The cause of the pain may be simple, such as hemorrhoids from swollen rectal veins. They can also be very serious, such as rectal cancer.

For IBD, rectal pain is a common symptom of UC.a type called ulcerative Proctitis, is the initial diagnosis in between 25% and 55% of all cases. This type of UC may progress and affect other parts of the colon.

In addition to pain, other symptoms may include:

  • loose or runny stools
  • rectal bleeding
  • more frequent bowel movements
  • nervousness, even after a bowel movement
  • incontinence
  • constipate

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If your pain is in the upper middle or with larger changes in the abdomen, it may mean that a rarer type of CD affects the small bowel​​​. Rectal pain is a common symptom of ulcerative colitis.

Ulcerative Proctitis and Colitis: Symptoms, Location, Treatment

left side pain

Pain on the left side of the abdomen is one of the more typical symptoms of UC. There are two common types that cause this pain.

a called Proctosigmoiditis. In this case, the ulcers are located in the rectum and sigmoid colon at the end of the large intestine. A 2022 review of 165 people diagnosed with UC found that 22.4 percent had the type.

The other is called distal or left-sided colitis, which the same study found in 27.7% of UC cases. With this diagnosis, it is the rectum, sigmoid colon, and descending colon that are inflamed. Left-sided colitis pain can sometimes be severe.

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In one study, half of people with ulcerative colitis had one of two common types, proctosigmoid or left-sided colitis. Pain on the left side of the abdomen is common in UC and can be severe in some cases.

Signs of an IBD flare

severe abdominal pain

Severe abdominal pain can be a symptom of many different digestive disorders. However, for IBD pain, it usually points to pancolitis. This type of UC causes canker sores throughout the large intestine.

red flag symptoms

Be aware of any new, severe, or accompanying pain with other symptoms. These may include poor stools, bloating, nausea, constipation, or vomiting. If your symptoms are severe, call your healthcare provider or 911 right away. The cause may be a serious illness such as toxic megacolon or intestinal obstruction.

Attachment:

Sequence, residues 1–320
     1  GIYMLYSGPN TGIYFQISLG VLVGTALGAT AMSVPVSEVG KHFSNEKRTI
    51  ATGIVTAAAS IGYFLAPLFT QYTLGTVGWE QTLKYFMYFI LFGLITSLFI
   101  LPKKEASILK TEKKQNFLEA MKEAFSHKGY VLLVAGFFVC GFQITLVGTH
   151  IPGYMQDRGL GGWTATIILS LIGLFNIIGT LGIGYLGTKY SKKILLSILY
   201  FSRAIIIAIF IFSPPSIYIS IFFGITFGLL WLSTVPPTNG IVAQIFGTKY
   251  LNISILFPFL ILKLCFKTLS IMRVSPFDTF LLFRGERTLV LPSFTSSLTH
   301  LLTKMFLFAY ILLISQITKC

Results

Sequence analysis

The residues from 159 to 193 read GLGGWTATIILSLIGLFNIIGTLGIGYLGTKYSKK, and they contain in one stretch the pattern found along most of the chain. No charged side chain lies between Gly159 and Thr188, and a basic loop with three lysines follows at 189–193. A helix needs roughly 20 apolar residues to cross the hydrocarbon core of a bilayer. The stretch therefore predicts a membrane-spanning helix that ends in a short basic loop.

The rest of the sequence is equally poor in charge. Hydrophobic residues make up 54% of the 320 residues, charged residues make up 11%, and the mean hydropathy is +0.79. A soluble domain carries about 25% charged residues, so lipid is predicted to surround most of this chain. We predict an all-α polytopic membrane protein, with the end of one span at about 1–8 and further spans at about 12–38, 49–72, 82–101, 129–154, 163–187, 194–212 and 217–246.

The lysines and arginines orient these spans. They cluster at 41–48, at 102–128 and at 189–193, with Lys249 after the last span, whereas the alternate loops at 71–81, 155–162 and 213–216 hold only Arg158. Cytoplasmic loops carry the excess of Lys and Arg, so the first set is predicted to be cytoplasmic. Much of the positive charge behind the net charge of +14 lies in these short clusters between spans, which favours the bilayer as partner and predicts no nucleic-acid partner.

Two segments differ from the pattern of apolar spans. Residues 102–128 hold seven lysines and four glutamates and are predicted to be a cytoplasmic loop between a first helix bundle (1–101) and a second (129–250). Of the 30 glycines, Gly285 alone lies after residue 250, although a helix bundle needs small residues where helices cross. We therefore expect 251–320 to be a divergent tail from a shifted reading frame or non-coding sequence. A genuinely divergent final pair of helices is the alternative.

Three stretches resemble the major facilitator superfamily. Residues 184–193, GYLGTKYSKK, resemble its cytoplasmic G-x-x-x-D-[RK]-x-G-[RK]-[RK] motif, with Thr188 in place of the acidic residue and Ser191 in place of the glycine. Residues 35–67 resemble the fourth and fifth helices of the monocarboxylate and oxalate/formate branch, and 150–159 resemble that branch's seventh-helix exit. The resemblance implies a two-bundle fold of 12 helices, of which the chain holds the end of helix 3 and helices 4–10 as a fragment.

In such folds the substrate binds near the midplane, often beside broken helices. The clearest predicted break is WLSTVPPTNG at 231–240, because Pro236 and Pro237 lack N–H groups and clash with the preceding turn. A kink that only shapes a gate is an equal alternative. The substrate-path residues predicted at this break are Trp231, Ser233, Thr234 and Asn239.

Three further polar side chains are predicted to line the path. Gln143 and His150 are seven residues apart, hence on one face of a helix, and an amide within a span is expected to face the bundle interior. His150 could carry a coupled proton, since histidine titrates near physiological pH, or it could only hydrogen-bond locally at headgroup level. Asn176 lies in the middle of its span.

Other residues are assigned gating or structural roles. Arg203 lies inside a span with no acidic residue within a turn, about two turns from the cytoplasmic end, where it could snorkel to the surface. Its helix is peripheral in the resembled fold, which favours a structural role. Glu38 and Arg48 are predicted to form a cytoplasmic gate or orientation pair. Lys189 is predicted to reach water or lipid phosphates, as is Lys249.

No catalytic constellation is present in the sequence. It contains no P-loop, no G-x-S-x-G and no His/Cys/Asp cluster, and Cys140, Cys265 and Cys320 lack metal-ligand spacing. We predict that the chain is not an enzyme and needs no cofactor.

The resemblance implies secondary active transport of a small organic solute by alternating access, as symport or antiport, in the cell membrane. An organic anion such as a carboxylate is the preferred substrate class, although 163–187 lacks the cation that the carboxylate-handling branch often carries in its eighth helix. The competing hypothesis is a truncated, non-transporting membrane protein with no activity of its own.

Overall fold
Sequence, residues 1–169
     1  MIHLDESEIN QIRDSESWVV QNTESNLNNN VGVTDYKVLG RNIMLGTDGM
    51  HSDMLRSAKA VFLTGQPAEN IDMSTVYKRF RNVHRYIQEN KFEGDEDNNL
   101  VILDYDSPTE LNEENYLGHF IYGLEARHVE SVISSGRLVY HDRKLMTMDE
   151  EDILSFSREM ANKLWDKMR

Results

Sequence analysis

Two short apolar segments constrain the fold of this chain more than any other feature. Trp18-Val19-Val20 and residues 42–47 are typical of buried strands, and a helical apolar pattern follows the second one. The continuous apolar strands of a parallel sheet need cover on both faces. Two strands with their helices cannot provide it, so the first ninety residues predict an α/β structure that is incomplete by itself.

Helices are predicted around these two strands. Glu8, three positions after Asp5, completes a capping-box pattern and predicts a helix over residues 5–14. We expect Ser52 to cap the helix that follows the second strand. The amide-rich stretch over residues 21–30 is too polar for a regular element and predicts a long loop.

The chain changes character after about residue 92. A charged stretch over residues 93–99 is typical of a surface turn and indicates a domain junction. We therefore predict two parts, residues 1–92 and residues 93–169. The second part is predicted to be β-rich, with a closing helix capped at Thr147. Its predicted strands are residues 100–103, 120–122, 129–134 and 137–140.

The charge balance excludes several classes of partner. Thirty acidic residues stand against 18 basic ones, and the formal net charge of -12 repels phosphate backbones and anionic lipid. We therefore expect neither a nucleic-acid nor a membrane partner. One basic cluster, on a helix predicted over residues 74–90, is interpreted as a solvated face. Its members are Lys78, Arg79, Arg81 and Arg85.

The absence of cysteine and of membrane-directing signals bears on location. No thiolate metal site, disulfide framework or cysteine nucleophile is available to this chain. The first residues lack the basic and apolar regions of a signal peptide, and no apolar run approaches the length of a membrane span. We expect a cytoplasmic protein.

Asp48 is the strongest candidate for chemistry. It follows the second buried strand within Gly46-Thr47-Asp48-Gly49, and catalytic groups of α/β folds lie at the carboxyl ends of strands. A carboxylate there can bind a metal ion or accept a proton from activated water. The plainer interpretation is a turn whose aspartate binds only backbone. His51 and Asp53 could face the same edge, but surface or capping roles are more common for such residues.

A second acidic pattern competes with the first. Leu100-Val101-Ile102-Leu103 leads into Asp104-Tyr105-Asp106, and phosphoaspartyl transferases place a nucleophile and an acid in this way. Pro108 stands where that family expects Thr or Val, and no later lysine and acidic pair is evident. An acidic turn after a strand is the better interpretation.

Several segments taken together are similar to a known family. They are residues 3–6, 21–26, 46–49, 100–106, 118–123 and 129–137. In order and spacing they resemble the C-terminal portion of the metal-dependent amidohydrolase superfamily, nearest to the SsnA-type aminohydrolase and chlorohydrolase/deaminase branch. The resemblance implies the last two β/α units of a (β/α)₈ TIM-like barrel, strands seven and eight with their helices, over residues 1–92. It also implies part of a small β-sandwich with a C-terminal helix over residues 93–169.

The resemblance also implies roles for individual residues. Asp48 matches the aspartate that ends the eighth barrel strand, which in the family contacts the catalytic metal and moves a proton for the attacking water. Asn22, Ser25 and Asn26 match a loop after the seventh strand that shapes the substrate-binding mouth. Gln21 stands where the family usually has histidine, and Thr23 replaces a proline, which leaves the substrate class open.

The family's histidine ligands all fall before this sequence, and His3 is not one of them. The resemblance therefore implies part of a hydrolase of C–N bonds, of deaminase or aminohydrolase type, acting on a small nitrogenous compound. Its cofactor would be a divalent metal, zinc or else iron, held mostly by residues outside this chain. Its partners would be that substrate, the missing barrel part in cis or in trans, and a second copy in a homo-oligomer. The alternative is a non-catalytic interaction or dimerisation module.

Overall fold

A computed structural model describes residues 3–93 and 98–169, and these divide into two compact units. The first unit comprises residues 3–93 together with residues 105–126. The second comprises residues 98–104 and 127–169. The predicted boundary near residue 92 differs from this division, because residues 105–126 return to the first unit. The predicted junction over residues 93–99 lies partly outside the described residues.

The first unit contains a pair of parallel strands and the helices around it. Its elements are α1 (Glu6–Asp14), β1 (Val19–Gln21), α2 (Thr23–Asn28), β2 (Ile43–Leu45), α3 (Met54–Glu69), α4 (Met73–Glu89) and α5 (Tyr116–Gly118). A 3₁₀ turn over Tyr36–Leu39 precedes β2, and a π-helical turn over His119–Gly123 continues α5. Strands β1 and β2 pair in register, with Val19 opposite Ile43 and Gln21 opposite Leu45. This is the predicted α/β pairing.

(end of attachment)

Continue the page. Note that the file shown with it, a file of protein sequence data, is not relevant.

Pain as a diagnostic tool

Pain can come from different sources, and abdominal pain is especially difficult to pin down. This means that it is not a symptom usually used to diagnose IBD or a specific form of IBD.

Instead, the type and location of pain can be used along with other signs and symptoms. Pain helps healthcare providers start diagnosing IBD or other conditions. Remember, this is just a starting point.

generalize

Most people with IBD experience pain at some point, although pain is not always part of an IBD flare-up. The type of pain is not always the same, depending on your IBD diagnosis and the exact location of the pain.

Pain in Crohn’s disease is most common in the RLQ or mid-abdomen. But in rarer cases, such as gastroduodenal CD, it may be higher in the abdomen or spread out and change position.

Rectal pain is a common symptom of ulcerative colitis. Depending on the type of UC, so can pain on the left side of the abdomen.

Knowing where the pain is can help you understand your symptoms and discuss them more accurately with your healthcare provider.

VigorTip words

If you have IBD, you probably take a lot of the pain in stride rather than complaining about it. However, pain is always something you need to discuss with your healthcare provider or gastroenterologist.

Here’s how to tell when you need a gastroenterologist